Cherokee Nation Principal Chief Bill John Baker speaks to more than 100 public school administrators at the tribe’s annual Public School Appreciation Day
Published February 14, 2016
TULSA —The Cherokee Nation awarded a record $4.7 million in donations to 106 school districts during the tribe’s annual Public School Appreciation Day Friday, where many school superintendents said they are struggling from state budget cuts.
The Cherokee Nation sells tribal car tags and uses 38 percent of revenue for education.
The first full year that Cherokee Nation car tags were sold statewide was in 2015. Car tag revenues for education in that time increased from $4 million to $4.7 million.
“As the state allocates less and less each year to public education, the Cherokee Nation is making a record-breaking contribution to area schools. That’s something that every one of our tribal citizens can take great pride in. We are investing in our children, investing in our communities and investing in our future as Cherokees and as Oklahomans,” said Cherokee Nation Principal Chief Bill John Baker. “The partnerships we have carefully cultivated with area schools are some of our most important, because together we are creating a positive and long-lasting effect in northeast Oklahoma.”
Classroom donations from tribal vehicle tag revenue have increased 370 percent, from $1.26 million originally, since the program began in 2002.
School superintendents have no restrictions and can use the funds at the district’s discretion.
“In today’s funding climate, I don’t know what we would do without the support of the tag money,” said Warner Public Schools Superintendent David Vinson in Muskogee County. “It’s meaningful because we get to choose how to spend it, and for the last four years we have used it to employ staff that work directly with students in our reading assistance program.”
Claremore Public Schools had to curb spending for classroom materials this school year.
“We are so short right now that we’ve put a block on supplies,” Claremore Superintendent Michael McClaren said. “This gracious award from the Cherokee Nation will help out our teachers and provide some of the routine resources they have not had this year.”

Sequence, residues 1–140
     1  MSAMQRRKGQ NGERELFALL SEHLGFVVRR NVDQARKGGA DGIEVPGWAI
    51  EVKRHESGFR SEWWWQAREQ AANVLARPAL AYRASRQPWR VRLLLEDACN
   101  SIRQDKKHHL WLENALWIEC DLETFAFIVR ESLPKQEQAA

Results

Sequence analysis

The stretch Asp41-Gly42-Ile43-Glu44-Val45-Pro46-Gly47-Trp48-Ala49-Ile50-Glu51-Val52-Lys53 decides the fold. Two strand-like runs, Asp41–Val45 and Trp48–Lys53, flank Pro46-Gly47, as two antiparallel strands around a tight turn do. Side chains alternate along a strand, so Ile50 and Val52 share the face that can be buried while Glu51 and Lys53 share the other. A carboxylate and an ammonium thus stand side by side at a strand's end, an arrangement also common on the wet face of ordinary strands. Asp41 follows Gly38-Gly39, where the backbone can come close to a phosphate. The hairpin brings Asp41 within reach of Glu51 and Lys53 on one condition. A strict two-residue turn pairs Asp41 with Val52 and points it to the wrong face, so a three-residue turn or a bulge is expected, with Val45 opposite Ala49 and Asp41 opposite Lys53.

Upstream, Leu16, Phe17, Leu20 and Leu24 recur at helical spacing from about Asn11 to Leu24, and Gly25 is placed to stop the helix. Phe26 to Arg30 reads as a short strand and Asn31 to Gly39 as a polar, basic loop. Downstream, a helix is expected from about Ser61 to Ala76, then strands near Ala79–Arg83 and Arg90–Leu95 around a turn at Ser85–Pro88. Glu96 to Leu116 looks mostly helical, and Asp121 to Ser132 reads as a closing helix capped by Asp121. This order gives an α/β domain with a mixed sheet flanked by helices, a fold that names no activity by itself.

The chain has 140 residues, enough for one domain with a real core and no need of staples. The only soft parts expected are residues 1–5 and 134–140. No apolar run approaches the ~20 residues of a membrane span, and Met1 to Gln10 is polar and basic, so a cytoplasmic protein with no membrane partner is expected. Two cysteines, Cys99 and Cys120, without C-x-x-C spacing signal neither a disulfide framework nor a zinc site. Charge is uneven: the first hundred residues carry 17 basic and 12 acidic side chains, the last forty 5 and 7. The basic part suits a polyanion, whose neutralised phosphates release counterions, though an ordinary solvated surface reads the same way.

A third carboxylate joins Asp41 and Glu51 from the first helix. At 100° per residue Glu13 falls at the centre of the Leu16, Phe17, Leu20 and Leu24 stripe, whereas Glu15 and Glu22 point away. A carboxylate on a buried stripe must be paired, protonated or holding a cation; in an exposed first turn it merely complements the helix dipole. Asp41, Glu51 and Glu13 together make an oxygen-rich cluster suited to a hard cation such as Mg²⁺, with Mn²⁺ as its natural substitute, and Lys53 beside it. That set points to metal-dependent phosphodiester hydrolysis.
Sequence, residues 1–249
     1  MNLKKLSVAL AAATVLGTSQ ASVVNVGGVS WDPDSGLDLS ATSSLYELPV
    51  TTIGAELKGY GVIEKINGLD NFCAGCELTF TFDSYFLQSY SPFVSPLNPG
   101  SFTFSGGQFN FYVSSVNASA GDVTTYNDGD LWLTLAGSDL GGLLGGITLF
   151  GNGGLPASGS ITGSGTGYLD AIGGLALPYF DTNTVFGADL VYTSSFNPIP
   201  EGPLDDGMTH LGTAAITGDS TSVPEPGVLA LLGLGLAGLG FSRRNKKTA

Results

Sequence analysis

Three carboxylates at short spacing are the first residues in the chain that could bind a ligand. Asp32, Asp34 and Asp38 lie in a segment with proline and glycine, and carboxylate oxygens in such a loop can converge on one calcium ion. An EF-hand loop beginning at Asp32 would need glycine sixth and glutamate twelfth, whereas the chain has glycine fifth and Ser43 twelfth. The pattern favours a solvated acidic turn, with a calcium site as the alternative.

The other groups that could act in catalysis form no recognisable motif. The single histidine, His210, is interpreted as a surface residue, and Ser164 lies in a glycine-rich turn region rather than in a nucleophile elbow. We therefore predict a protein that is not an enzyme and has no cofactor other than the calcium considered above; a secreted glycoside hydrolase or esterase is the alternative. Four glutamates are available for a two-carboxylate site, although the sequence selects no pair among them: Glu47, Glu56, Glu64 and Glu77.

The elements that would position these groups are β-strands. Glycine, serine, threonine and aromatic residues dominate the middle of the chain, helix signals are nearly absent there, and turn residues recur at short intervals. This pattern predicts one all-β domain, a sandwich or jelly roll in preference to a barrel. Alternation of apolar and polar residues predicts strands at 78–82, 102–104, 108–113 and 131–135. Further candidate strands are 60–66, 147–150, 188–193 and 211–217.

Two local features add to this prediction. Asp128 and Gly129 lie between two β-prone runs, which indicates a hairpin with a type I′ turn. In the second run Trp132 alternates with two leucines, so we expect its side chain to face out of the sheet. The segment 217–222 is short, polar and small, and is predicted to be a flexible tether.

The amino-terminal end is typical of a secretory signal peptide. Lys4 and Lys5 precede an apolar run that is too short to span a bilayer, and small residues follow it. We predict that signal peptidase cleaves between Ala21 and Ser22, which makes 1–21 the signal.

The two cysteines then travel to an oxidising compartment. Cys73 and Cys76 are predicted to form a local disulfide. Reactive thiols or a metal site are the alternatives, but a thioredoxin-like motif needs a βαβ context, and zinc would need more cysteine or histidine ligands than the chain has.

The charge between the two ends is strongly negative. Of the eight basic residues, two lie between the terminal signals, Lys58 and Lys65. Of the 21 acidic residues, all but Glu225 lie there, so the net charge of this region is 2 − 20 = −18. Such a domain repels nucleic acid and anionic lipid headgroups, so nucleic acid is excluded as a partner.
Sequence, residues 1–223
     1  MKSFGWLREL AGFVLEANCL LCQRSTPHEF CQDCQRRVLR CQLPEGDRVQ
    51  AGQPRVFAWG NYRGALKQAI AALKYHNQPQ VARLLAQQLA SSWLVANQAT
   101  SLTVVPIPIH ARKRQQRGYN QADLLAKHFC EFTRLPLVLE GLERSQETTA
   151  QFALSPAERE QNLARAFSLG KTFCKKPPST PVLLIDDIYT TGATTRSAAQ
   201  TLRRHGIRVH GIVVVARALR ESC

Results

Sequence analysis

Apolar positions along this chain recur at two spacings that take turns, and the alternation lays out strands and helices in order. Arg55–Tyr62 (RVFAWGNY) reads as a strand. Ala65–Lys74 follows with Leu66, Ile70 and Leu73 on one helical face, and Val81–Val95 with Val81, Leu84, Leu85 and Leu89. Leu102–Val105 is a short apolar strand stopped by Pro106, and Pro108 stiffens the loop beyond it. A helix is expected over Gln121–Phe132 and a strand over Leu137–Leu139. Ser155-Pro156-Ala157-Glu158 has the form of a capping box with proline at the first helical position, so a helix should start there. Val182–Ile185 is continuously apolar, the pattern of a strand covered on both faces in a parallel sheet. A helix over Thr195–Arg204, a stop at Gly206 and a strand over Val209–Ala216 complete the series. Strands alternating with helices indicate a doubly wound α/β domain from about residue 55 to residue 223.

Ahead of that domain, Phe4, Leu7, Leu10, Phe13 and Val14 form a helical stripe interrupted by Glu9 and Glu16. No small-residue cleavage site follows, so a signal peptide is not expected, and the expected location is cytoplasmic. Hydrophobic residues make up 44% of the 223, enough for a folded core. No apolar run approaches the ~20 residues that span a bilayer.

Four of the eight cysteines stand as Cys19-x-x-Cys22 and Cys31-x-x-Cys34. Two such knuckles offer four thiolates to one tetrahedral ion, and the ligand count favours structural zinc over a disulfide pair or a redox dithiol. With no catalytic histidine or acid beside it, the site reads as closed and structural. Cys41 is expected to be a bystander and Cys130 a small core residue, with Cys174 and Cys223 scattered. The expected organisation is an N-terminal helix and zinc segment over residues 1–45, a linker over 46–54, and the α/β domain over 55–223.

Since 2002, the tribe has awarded $40.1 million total in education donations from car tag revenue to about 100 school districts in northeast Oklahoma. School districts receive $165 per Cherokee Nation student enrolled this year. The districts receiving money educate more than 28,000 Cherokee students, although the contributions benefit all students and classrooms in those school districts.
“With the success of car tag sales expanding statewide, the Cherokee Nation Tax Commission is so grateful to be able to make a positive impact in more classrooms than ever before,” said Tax Commission Administrator Sharon Swepston. “On behalf of my staff and commission, I want to thank our citizens for choosing to purchase a Cherokee Nation tag and helping make these contributions possible.”
School districts in the following counties received the following donation amounts during the 2016 Public School Appreciation Day event.
• Adair $412,260
• Cherokee $780,516
• Craig $137,309
• Delaware $337,319
• Mayes $411,764
• Muskogee $495,970
• Nowata $79,739
• Ottawa $73,452
• Rogers $469,004
• Sequoyah $409,448
• Tulsa $788,291
• Wagoner $132,181
• Washington $147,401
• Osage $3,474